New York City Ballet Continues to Be Highly Fashionable
Sometimes a girl wants to dream about wearing a stunning couture gown. Sometimes a girl wants to dream about wearing a radiant tutu. And sometimes that girl is a New York City Ballet dancer and she gets to live both dreams at once, wearing tutus designed by couture houses.
As usual, New York City Ballet gets to have all the fashion fun. The company regularly collaborates with high-fashion designers who create costumes for gala performances and premieres. (Joseph Altuzarra, for example, designed costumes for the 2013 premiere of Christopher Wheeldon's A Place for Us, and this past spring, Dutch designer Iris Van Herpen crafted some dark and glittering costumes for Benjamin Millepied's Neverwhere.) It makes sense that dancers would inspire people who make art objects for the body.
To our delight, Mary Katrantzou is designing costumes for NYCB’s 2014 Fall Gala, along with other fashion rock-stars, including Carolina Herrera, Valentino, Thom Browne and Sarah Burton, the creative director for Alexander McQueen.
Check out one of Katrantzou's sketches for Justin Peck's fall NYCB premiere. Her website describes the principal man's costume as a "lace bodysuit" (!) and the tutu as translucent. We can't wait to see the real thing!
Mary Katrantzou for the New York City Ballet
NYCB's fall gala will be September 23. For more info and tickets, visit nycballet.com.
(From left) Darriel Johnakin, Diego Pasillas, and Emma Sutherland (all photos by Erin Baiano)
Dance Spirit's 2019 Cover Model Search finalists: Darriel Johnakin, Diego Pasillas, and Emma Sutherland! One of them will win a spot on Dance Spirit's Fall 2019 cover. Learn more about the dancers by clicking on their names here:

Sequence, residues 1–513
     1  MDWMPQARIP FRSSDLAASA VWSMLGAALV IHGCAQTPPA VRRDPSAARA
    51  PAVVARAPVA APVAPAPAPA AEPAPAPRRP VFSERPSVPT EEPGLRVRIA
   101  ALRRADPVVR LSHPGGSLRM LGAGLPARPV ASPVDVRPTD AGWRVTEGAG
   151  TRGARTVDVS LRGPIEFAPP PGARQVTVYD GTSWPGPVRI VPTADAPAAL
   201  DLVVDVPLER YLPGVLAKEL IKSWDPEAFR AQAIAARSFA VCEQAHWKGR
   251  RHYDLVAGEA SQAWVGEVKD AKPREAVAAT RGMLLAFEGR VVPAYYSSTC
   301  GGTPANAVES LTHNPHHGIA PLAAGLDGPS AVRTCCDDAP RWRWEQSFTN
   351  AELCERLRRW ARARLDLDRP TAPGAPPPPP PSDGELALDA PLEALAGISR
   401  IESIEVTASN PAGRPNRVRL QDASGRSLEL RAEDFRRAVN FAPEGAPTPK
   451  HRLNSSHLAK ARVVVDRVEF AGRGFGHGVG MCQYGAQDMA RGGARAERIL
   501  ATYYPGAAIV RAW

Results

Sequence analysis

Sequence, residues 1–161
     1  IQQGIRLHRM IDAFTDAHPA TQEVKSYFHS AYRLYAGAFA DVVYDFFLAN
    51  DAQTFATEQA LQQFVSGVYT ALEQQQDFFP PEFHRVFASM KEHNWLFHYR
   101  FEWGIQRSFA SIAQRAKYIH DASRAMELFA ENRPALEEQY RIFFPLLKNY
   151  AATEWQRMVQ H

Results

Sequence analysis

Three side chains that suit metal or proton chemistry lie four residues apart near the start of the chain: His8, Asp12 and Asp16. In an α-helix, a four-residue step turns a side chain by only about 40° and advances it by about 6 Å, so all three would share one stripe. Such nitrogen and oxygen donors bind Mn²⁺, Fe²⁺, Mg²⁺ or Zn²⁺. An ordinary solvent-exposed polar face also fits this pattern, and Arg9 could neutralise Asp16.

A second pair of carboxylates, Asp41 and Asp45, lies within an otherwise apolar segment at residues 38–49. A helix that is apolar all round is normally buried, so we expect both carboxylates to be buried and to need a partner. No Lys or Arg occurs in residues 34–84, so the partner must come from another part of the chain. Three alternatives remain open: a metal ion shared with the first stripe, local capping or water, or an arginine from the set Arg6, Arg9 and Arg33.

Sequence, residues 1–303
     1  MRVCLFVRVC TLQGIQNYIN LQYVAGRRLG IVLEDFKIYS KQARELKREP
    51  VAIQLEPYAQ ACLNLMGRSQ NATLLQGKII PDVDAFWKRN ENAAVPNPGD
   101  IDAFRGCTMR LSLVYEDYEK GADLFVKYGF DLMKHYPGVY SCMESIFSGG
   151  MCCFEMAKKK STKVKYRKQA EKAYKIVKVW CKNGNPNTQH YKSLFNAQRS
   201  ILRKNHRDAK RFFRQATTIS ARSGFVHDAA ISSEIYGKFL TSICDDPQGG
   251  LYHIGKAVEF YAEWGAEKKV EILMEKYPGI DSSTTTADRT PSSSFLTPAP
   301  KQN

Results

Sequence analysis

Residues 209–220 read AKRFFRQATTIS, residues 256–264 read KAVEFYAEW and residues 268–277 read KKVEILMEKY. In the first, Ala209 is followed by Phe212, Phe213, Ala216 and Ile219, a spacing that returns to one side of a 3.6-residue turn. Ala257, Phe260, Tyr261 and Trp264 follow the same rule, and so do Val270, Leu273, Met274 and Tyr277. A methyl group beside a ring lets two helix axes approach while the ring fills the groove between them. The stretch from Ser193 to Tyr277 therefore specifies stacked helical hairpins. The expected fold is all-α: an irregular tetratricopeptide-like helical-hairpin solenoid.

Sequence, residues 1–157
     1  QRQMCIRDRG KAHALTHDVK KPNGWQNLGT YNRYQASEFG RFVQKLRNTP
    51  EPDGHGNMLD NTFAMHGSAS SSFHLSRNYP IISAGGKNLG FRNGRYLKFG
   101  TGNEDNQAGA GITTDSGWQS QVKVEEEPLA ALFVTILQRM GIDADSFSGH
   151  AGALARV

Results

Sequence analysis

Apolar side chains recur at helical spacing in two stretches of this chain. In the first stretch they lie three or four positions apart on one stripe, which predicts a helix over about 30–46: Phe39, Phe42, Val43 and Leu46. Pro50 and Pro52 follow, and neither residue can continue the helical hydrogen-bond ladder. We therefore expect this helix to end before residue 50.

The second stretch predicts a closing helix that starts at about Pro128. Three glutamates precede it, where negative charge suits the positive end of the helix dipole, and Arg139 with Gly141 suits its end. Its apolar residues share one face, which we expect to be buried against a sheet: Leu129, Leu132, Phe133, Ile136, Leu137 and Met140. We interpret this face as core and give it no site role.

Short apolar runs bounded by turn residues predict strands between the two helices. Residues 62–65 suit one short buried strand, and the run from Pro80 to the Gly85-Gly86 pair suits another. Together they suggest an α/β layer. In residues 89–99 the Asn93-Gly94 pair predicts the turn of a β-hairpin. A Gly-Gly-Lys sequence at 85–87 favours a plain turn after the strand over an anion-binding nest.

vote for your favorite below. You can vote once a day now through July 15.
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Dancers are naturally "in their heads" all the time—but not always in productive ways. Long days of receiving and applying corrections, taking class, and performing can get to even the most composed individuals. What should you do when you feel like your mind is just as busy as your rehearsal schedule? Try meditation. Dance Spirit turned to Adreanna Limbach, a head teacher at NYC-based meditation studio MNDFL, for a breakdown of this highly beneficial practice.
Liz Imperio teaching at Hollywood Vibe, Courtesy of Hollywood Vibe
It's an increasingly common scenario: A talented dancer wins big at a competition, is offered an assistantship with a famous faculty member, and ends up leaving her hometown studio to travel with a convention. Convention-hopping has obvious benefits. Every event generates new content for dancers to post on social media, gives them a better shot at ending up on their favorite choreographers' accounts, lets them learn from the best of the best, and helps them make valuable connections. "Traveling is a great way for dancers to gain admirers around the country," says Jen Jarnot, owner of Artistic Fusion Dance Academy in Thornton, CO. "That's something every dancer craves." So it's no surprise that weekend FOMO has been blazing through studios like wildfire.
But is this jet-setter lifestyle really the most effective road to take? Can weekends of dancing with top talent truly replace the bread and butter of daily work at your home studio? The answer, according to most industry experts, is no. We asked five pros to explain why.